Below, we’ve embedded the project approval document from DPD that captures much of the details — and the criticism of the project leveled by community members and even members of the design board at the time. Now, four years on, they’re finally going to build it.

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27 thoughts on “With work underway, what the Capitol Hill People’s Parking Lot development will look like

  1. Not surprisingly it looks like they are doing nothing to enhance the pedestrian experience on pine, but yay 108 new private parking spaces!

  2. I thought that the whole thing with Pike/Pine was that the buildings were suppose to meld in somehow with the existing structures and feel of the block. This looks nothing like the surrounding area and frankly, just looks bland. The walk by will be a total bore. Much like Joule and The Brix. Everything is exactly the same, all the facades, so nothing stands out. I didn’t even know that there was an eyewear place in The Brix until a few months ago, despite walking by it all the time, because it just has no personality and nothing to make itself known. Not necessarily the business’s fault, but more a product of a flat facade of a building with no personality. Just like this one appears to be. The way that they’ve rendered the front, it actually looks like an office building that is designed to hide it’s innards and make it as inconspicuous as possible. Meaning, we walk by, we don’t even realize anything is there. Meaning, loss of traffic and business for Pine. I’m not sure how this got approved. It’s more of exactly what we don’t need in that area.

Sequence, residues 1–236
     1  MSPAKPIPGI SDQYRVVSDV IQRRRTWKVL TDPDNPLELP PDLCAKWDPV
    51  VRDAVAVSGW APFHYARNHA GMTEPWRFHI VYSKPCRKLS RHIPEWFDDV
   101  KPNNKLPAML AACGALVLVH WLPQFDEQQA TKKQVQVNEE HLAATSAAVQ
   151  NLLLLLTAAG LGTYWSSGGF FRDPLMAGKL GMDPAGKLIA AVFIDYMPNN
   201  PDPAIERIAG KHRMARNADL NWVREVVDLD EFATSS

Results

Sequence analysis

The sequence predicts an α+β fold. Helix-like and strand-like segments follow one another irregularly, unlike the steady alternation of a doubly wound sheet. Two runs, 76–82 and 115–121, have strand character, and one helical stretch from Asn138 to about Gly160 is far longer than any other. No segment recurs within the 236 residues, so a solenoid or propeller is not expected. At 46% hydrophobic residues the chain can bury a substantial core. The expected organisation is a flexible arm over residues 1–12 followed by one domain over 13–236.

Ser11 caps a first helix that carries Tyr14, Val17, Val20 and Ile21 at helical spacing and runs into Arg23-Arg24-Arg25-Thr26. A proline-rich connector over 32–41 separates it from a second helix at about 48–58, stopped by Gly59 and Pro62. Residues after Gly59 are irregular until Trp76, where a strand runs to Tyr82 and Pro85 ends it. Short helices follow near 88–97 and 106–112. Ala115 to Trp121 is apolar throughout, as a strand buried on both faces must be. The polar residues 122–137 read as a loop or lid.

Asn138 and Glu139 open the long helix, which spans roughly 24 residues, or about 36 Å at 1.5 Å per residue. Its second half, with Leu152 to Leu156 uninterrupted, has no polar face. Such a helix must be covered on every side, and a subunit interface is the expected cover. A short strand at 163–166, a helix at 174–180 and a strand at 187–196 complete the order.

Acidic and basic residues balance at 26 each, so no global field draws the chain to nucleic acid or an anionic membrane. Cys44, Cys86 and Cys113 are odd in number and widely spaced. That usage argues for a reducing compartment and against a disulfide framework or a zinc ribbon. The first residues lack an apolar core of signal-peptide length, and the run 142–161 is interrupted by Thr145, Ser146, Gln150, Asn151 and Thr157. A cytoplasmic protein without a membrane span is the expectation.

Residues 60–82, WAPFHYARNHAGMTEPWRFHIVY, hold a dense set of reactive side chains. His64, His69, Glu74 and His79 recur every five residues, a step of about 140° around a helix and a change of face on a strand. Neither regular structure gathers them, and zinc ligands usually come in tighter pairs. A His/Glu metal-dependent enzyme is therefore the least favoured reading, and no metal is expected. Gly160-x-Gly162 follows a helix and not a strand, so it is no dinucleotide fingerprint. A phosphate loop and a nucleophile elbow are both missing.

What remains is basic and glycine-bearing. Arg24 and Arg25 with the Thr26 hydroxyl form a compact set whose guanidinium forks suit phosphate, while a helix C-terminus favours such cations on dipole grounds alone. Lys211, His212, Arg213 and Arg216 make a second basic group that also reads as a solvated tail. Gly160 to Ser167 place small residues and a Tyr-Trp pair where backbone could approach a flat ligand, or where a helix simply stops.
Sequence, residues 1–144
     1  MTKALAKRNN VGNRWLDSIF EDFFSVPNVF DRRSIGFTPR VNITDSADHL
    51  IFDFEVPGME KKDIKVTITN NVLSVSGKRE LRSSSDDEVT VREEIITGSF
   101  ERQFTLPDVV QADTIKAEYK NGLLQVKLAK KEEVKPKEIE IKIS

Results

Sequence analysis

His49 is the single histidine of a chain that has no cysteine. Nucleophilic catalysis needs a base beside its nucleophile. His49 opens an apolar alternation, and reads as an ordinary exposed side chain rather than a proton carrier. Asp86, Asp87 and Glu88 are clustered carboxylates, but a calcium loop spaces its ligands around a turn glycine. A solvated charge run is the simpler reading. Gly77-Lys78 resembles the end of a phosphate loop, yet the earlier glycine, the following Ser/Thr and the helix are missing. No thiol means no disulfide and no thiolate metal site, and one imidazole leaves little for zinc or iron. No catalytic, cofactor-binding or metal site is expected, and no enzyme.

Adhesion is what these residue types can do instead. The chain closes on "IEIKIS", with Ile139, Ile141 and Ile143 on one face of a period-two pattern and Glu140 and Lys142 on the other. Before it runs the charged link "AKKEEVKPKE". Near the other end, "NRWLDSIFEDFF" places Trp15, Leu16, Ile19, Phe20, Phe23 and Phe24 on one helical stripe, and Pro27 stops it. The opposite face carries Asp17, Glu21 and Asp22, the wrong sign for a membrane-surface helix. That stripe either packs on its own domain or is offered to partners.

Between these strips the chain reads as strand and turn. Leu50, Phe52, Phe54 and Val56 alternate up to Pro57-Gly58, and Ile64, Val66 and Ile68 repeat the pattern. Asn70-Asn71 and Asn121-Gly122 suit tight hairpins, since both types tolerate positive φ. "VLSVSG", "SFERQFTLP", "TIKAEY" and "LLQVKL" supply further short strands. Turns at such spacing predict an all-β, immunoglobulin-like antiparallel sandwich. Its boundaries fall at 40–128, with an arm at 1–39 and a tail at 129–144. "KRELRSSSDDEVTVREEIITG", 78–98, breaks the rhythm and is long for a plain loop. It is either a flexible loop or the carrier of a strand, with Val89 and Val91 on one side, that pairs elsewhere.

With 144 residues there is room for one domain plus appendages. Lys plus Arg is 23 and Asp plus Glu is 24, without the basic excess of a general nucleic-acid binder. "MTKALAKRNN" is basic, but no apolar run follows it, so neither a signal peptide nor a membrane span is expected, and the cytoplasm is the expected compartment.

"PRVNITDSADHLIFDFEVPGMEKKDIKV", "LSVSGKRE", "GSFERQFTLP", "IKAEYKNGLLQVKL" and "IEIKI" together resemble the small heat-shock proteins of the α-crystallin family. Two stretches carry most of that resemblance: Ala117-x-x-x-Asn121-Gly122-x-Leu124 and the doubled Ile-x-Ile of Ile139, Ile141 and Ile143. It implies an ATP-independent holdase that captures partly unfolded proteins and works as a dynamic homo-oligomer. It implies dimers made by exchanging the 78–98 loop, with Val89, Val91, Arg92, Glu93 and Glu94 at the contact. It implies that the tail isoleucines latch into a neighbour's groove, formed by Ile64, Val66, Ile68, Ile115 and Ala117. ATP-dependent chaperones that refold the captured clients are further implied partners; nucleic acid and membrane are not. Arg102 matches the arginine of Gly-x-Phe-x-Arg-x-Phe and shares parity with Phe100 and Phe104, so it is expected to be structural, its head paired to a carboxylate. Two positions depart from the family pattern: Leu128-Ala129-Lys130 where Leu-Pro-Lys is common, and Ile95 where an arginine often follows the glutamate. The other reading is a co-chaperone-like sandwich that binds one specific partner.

3. I couldn’t disagree more about the Brix. I think that is a building that shows the neighborhood how to do mixed-use right – from the stepping down on the back side to the lease-up of great local commercial tenants, it meets the street in a graceful and exciting way. Now, it looks like this may be more like the Joule than the Brix which is admittedly underwhelming, but the addition of more people in Pike-Pine is a good thing, as well as activation of this long vacant lot. Saxmon’s complaints still stand on this building – and the main point that we should take from them is that Design Review is a somewhat broken process here in Seattle, with no real teeth.

  4. It looks identical to the lame press apartment building across the street. A closed down Kurrent would be perfectly at home on the corner in the first picture.

  5. I don’t ride my bike to work all too often either. I work in Bellevue, but I still take the bus. Go figure. Not calling drivers evil. I’m just saying that it makes little sense to have even more private parking in the most residentially dense and one of the most commercially dense parts of the city. This is especially true when a great deal of folks who live on the Hill work in places served heavily by transit or within walking distance (Capitol Hill, Downtown, U District, Redmond, Bellevue).